What is a supermoon?
The scientific term for the phenomenon is "perigee moon." Full Moons vary in size because of the oval shape of the Moon's orbit. The Moon follows an elliptical path around Earth with one side ("perigee") about 50,000 km closer than the other ("apogee"). Full Moons that occur on the perigee side of the Moon's orbit seem extra big and bright.
This coincidence happens three times in 2014. On July 12th and Sept 9th the Moon becomes full on the same day as perigee. On August 10th it becomes full during the same hour as perigee—arguably making it an extra-super Moon." This is all according to the National Aeronautics and Space Administration.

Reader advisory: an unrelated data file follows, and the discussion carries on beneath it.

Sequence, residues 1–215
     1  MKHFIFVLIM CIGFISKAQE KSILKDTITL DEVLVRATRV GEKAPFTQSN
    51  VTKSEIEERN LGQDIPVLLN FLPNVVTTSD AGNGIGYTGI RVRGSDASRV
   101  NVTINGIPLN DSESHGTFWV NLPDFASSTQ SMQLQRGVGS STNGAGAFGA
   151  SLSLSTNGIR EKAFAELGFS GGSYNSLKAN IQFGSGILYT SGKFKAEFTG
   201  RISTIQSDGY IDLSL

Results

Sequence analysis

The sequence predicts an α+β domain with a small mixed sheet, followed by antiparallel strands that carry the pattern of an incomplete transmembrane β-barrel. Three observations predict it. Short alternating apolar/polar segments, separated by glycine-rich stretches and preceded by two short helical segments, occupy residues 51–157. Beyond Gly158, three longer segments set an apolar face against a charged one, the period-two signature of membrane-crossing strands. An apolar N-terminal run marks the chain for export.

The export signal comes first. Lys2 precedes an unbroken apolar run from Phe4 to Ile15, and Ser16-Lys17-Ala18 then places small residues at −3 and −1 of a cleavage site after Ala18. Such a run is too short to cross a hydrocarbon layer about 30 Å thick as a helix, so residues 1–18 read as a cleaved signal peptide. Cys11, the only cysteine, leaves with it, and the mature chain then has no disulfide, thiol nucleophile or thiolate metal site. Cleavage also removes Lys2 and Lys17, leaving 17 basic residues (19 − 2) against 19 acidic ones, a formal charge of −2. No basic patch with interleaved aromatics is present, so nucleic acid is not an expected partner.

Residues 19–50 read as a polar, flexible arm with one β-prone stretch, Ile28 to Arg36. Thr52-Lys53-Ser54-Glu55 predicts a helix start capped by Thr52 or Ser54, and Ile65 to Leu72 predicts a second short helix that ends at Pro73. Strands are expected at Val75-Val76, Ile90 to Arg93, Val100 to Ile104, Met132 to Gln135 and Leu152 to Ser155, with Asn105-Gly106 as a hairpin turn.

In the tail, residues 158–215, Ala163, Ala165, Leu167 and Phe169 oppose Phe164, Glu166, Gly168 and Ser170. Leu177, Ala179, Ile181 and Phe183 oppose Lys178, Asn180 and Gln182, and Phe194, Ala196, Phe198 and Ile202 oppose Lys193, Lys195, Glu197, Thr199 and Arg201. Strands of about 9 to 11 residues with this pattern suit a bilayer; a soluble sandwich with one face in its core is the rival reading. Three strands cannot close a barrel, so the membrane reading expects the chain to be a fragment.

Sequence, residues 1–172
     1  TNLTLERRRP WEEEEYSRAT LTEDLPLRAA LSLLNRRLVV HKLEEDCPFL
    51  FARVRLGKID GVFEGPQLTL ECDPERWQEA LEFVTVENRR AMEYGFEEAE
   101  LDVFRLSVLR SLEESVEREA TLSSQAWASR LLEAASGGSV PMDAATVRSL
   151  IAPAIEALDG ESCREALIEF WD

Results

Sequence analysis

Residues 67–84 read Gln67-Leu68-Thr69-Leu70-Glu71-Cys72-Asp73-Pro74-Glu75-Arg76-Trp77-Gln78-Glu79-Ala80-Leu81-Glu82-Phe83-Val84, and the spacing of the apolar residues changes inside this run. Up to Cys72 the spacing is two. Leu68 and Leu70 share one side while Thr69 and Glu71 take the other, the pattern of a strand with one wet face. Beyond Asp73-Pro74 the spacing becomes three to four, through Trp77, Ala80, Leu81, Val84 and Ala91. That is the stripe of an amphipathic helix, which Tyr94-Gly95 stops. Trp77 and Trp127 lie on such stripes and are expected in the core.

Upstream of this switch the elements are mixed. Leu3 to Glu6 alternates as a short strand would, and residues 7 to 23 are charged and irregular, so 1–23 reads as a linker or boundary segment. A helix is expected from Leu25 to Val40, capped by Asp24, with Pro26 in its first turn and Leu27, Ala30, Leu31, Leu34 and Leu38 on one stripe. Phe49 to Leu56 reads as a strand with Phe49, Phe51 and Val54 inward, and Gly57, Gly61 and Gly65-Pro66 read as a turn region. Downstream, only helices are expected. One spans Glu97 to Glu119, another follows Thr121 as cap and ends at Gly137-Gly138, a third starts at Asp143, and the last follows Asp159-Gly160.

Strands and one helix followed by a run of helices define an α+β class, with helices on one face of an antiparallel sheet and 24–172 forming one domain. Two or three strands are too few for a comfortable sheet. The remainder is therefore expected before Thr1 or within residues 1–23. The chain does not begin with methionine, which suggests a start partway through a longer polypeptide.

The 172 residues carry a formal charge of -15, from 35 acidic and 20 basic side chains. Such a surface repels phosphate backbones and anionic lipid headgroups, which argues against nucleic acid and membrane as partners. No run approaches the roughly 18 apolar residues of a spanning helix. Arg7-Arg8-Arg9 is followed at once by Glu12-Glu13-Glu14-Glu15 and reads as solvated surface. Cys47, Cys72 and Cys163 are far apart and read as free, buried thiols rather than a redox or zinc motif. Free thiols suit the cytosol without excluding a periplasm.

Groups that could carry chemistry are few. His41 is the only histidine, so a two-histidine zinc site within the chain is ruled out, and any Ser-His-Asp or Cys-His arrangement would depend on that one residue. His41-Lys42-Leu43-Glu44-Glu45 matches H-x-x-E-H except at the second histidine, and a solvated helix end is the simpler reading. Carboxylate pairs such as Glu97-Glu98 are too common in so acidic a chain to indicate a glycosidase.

Hear about the Moon Illusion before?
The illusion occurs when the Moon is near the horizon. For reasons not fully understood by astronomers or psychologists, low-hanging Moons look unnaturally large when they beam through trees, buildings and other foreground objects. When the Moon illusion amplifies a perigee Moon, the swollen orb rising in the east at sunset can seem super indeed.
Here's a look at the Supermoon from 5AM in Pell City. Share pics with us! You'll get to see it again this evening when it rises around 8PM.
Jill Gilardi Meteorologist